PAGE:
Chinese Startup Develops World’s First Cultivated Deer Antler Stem Cell Line, Aims to File for Approval in 2024

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Chinese cultivated meat startup Jimi Biotech has developed what it claims is the world’s first deer antler stem cell line, making it capable of mass-producing these cells. It comes months after it unveiled the country’s first scaffolding-free, 100% cell-based chicken – and the food tech startup aims to file for regulatory approval next year.

Jimi Biotech says the spontaneously immortalised cell line, which is driven by its artificial intelligence system JEVOS, has undergone more than 60 passages with a double time of under 24 hours. It uses cells from the tip of the antlers of a three-year-old Sika deer – prime-aged deer are considered to have the highest-quality antlers, while regeneration is strongest at the tip.

AI-powered cultivated meat

deer antler china

The startup notes that deer antlers hold significant cultural and dietary importance in China, where they are revered as a premium health product. Antlers can undergo complete regeneration periodically under natural conditions, which has prompted research into their anti-ageing benefits – especially antler stem cells, which make up less than 1% of the entire antler structure. Deer antlers have also been used in traditional Chinese medicine for centuries.

In January, it closed an angel funding round of ¥20M (about $3M), followed a few months later by another investment round totalling ¥10M ($1.45M). This came after it unveiled China’s first cultivated beef in 2022. Not long after, it also launched the country’s first cell-cultured chicken made without plant scaffoldings.

Jimi Biotech is focused on premium, “new forms” of meat powered by its high-throughput, automated cell evolution platform. “Obtaining a good cell line is challenging, so we started building the JEVOS system at the end of last year,” says founder Zhehou Cao. “We have already obtained cell lines from multiple species, including deer, cattle, and chicken, which demonstrates the initial success of the JEVOS system. In the future, we will continuously obtain high-value and high-performing cells from various species through JEVOS.”

The path to price parity

cultivated chicken china
Jimi Biotech debuted China’s first 100% scaffolding-free cultivated meat | Courtesy: Jimi Biotech

The company previously said it managed to reduce the cost of the culture medium to about ¥100 ($14), which is only 3% of the price of the culture medium on the market. Now, it says the cost of serum-free media has been reduced to ¥50 ($7), with the startup having successfully adapted its own cell lines to grow in suspension at more than 10 million cells per ml.

But it says further cost constraints have led to a temporary pivot towards products that can justify premium pricing, such as deer antlers. “While we have significantly reduced the cost of cultivated meat, it’s important to acknowledge that achieving price parity will likely take several years,” explains Cao. “Given the high value and popularity of deer antlers, which are often sold at tens of thousands of yuan per kilogram or more, we already have a cost advantage.”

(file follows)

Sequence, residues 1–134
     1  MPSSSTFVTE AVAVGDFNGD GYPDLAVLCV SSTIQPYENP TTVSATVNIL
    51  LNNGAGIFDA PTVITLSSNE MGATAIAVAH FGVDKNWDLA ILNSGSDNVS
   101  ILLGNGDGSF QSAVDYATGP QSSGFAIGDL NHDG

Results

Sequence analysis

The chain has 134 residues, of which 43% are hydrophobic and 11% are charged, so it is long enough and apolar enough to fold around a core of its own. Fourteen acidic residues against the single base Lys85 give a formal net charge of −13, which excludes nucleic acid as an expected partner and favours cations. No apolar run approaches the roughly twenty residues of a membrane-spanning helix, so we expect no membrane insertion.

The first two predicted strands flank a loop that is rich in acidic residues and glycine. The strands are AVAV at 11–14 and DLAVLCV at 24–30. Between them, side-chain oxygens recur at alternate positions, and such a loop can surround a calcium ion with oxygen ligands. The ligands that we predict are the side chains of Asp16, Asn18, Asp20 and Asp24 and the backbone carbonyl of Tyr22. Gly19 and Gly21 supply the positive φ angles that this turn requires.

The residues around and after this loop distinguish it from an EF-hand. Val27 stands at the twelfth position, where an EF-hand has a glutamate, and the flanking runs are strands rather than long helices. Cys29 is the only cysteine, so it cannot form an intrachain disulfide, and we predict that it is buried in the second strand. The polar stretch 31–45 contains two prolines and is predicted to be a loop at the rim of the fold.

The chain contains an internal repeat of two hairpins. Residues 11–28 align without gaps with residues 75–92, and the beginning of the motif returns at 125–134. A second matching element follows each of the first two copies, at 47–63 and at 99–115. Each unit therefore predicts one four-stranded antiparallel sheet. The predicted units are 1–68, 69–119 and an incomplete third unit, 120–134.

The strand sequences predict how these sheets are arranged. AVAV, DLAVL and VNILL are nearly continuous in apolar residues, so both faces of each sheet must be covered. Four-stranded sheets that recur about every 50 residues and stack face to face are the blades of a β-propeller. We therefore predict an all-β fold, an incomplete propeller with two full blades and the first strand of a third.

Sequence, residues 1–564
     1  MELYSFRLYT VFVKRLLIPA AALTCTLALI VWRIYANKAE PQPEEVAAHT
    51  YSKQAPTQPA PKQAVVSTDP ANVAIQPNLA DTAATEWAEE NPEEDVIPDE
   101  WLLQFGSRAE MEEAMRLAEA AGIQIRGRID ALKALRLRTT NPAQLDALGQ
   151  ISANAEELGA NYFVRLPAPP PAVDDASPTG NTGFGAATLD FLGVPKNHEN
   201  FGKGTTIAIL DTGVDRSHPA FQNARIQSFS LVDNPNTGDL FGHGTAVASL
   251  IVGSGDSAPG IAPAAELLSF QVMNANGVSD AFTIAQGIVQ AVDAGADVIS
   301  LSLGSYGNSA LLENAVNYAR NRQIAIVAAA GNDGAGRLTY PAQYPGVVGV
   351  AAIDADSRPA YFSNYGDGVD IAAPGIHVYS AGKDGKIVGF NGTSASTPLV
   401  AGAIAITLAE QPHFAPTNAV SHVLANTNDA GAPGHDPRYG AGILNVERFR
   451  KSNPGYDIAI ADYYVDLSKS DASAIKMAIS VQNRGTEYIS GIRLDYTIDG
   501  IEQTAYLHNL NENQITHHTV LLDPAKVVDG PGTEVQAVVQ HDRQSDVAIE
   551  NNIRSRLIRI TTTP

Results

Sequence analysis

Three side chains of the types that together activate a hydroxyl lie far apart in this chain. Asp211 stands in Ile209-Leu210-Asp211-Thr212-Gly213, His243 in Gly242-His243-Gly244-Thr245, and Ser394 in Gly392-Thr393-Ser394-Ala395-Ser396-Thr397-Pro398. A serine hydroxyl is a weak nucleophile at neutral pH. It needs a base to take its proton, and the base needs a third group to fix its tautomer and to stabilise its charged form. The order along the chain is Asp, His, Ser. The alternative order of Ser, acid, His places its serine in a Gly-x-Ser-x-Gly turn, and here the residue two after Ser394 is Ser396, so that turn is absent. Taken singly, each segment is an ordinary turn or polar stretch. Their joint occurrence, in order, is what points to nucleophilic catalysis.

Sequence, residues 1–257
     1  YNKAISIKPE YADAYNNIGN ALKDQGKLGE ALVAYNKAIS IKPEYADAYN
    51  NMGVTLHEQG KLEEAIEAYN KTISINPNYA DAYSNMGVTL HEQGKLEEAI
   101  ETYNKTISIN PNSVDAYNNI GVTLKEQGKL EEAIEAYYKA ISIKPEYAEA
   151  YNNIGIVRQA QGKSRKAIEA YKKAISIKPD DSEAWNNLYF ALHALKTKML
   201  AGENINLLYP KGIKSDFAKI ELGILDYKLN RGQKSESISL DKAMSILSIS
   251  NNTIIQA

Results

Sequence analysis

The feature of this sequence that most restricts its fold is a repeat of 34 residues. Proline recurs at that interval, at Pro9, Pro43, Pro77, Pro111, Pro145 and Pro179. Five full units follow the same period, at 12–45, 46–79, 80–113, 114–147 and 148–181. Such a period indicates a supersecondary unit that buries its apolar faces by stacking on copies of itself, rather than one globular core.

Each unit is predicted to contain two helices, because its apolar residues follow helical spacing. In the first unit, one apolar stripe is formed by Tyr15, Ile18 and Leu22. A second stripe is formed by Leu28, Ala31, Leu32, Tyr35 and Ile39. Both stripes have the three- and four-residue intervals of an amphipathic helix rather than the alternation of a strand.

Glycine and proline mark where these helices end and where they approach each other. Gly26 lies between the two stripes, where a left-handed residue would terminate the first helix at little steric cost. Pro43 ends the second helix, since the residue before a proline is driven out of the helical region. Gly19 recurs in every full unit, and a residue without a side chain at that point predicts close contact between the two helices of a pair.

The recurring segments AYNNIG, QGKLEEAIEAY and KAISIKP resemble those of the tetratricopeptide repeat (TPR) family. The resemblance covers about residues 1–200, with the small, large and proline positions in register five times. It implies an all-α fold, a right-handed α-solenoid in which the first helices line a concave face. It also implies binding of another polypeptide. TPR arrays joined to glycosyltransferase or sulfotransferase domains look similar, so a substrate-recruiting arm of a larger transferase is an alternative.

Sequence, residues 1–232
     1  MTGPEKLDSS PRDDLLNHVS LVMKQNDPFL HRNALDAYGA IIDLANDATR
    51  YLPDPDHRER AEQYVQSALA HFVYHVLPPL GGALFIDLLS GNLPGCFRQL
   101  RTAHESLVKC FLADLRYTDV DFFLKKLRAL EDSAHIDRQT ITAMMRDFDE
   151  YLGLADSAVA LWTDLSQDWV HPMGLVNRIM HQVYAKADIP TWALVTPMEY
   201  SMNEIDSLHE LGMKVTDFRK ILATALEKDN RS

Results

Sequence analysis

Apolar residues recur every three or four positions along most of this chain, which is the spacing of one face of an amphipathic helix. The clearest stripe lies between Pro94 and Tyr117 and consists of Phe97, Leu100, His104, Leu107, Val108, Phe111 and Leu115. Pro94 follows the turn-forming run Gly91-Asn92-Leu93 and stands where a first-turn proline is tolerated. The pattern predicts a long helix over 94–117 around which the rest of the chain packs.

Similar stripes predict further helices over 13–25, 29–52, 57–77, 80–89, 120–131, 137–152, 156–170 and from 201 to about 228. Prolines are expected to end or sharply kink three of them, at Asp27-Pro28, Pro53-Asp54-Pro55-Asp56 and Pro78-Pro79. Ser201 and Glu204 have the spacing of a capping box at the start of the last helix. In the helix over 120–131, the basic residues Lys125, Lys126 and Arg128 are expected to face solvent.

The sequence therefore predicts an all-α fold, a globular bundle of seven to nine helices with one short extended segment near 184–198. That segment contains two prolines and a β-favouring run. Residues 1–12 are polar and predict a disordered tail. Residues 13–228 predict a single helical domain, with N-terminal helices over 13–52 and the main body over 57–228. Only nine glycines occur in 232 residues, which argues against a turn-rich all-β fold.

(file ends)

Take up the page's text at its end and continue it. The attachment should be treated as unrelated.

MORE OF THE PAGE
He added: “Additionally, the incorporation of deer antler stem cells can augment the value proposition of our meat offerings. We will begin by selling deer antler products, and as we continuously reduce costs, we will move on to selling cultivated beef, followed by other more affordable meats such as pork and chicken.”

China’s one-billion-plus population leads the world in terms of meat consumption, and one survey found that 90% of its citizens are willing to try cultivated alternatives. This signals the potential for cultured meat in the country, and while there have been no indications yet about regulatory approval there, Jimi Biotech plans to apply for it next year.

Fellow Chinese cellular agriculture company CellX, which opened the nation’s first large-scale cultivated meat factory this month, has also indicated it will apply for regulatory approval. But it will start with Singapore and the US, the only two countries to have approved the sale of cell-cultured meat so far.


  • Anay Mridul

    Anay is Green Queen's resident news reporter. Originally from India, he worked as a vegan food writer and editor in London, and is now travelling and reporting from across Asia. He's passionate about coffee, plant-based milk, cooking, eating, veganism, food tech, writing about all that, profiling people, and the Oxford comma.

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